The economy has been booming. Offices are reopening, restaurants are packed, people are shopping. With all that’s going on, you’d think many of the millions who lost their jobs last year would be back at work, earning like before.
… But you’d be wrong.
Instead, people have been quitting in droves. Meanwhile, despite a record number of job openings, workers remain on the sidelines. The percentage of adults working or looking for work has barely moved from its pandemic low. The labor force participation rate actually declined in September, as fewer than 200,00 people were hired –– half as many as economists predicted. Whole industries are suffering. Restaurants are reducing their hours, hospitals are scrambling.
With labor shortages like this, if you’re a working professional, you’re likely overworked, or maybe even overwhelmed.
Here’s how to survive an understaffed office.
How do you know if your office is understaffed? Well, although workers might rally in the short term if there aren’t enough people to handle the company’s needs, productivity and morale will suffer in the long-term. Overtime and customer complaints will increase. And on an individual note, you will likely feel tired, even exhausted. You might have trouble falling asleep as your mind spins through the workday’s traumas. You’re often on edge, you might even snap at people. None of this is pleasant and in the long term it can have serious health consequences. Working in an understaffed workplace can lead to burnout along with anxiety, depression, and an increased risk for serious illness.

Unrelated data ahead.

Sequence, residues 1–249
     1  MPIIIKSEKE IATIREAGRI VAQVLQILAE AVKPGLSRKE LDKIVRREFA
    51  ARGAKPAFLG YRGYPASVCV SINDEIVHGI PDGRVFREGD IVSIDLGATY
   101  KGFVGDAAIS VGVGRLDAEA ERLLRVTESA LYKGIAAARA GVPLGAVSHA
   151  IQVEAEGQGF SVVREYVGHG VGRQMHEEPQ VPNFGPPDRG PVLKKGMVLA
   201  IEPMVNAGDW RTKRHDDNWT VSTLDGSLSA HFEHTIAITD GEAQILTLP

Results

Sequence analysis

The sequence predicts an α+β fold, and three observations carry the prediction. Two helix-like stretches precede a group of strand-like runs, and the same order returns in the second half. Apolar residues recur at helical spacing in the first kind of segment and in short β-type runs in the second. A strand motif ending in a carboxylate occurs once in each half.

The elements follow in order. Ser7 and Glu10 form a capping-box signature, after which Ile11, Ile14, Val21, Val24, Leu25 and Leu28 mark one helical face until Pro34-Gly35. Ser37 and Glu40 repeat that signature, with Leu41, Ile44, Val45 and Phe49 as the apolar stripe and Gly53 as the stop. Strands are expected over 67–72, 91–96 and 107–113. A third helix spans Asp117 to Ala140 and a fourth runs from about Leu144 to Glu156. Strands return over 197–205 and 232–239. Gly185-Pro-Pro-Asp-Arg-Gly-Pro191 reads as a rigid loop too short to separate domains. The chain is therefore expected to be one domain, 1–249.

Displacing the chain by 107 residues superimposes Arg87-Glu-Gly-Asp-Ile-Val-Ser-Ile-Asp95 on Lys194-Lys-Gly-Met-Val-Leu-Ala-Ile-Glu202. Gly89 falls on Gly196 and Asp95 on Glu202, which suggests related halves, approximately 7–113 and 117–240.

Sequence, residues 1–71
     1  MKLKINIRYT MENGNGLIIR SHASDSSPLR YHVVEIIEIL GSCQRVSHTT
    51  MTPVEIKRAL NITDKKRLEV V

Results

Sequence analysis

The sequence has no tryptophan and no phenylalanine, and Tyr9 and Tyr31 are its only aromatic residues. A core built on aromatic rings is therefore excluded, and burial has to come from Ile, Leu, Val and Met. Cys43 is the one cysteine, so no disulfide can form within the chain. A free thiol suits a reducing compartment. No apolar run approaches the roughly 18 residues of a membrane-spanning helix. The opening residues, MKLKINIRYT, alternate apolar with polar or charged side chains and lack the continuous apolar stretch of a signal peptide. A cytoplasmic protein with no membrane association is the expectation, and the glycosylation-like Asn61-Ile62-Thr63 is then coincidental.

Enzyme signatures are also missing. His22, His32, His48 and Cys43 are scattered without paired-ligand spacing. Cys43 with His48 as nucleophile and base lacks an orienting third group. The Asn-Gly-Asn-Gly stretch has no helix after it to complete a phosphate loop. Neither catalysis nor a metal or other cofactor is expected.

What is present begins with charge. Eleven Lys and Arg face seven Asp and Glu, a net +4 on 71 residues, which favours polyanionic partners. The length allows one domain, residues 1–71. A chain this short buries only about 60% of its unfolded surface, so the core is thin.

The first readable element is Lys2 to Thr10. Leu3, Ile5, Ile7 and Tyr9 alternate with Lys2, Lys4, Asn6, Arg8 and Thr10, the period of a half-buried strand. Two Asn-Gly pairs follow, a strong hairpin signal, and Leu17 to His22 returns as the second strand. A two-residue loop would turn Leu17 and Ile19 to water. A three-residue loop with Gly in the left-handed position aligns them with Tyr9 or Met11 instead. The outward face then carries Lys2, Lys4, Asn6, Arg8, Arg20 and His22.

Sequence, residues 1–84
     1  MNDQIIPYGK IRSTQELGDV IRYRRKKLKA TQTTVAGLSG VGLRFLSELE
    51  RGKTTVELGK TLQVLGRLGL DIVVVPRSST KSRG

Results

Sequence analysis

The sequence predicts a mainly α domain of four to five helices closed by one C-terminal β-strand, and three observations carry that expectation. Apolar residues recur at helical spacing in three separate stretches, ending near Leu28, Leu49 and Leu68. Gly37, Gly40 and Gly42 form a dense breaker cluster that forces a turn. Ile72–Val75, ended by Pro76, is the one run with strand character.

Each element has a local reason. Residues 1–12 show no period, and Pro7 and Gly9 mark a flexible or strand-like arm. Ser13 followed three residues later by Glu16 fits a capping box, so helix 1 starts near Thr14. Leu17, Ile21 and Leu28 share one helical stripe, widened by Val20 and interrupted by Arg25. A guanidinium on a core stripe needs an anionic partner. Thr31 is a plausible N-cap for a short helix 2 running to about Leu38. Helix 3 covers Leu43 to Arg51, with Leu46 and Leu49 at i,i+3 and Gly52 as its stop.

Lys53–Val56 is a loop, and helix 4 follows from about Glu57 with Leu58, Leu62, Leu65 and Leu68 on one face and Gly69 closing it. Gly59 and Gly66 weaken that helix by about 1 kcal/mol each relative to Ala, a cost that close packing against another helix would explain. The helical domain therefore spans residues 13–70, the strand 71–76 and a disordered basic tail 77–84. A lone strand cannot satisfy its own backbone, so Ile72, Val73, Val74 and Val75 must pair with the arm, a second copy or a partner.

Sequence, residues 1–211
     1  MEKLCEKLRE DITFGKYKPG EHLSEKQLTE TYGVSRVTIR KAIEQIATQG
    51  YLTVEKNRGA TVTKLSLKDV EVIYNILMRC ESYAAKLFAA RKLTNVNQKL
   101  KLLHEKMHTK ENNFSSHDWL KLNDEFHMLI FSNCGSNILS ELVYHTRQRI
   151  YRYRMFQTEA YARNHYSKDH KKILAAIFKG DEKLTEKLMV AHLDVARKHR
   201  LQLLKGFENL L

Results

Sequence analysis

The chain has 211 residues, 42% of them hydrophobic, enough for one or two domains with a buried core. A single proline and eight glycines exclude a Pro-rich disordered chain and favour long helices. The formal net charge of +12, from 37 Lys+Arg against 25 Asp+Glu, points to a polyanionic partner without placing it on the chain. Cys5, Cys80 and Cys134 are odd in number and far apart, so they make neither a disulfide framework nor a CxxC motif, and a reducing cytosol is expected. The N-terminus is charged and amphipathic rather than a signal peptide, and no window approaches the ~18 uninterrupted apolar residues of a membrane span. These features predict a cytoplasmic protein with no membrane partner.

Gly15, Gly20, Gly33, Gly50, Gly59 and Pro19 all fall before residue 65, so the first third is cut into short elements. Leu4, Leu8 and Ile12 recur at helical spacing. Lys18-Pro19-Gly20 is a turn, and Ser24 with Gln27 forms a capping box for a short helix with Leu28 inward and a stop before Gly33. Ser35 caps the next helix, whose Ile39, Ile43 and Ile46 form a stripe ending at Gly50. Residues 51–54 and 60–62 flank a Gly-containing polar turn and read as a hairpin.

Needless to say, the obvious solution is to bring in more people. And yet, typical recruitment strategies often fail in atypical situations. Hiring managers may be expecting too much, which means resumes are getting deleted rather than read, thanks to applicant tracking software.
Focusing on experience, rather than just credentials, can help as can recruiting inexperienced folks you can train.
During the COVID-19 pandemic, over 3.5 million Americans retired, which is more than twice the usual number. Ongoing concerns about the virus has kept many of them from returning to work. Surprisingly, teens have taken up the slack. While a 16-year-old might not replace a seasoned executive, many of the front-line jobs held by seniors in retail are now being done by teenagers. In May, workers ages 16 to 19 made up almost one-third of the national workforce ––– the highest percentage in over a dozen years.
Look around your office. Are there tasks that could be done by a teen working part time? How about freelancers or contractors?
Of course, you may not have hiring authority at your workplace. Still, you may want to discuss new staffing strategies with your supervisor. Just bringing in someone for a few hours a week may solve some of your pain points. For further solutions on how to survive an understaffed office take a look at the method championed by a former President.
Understand the Eisenhower Matrix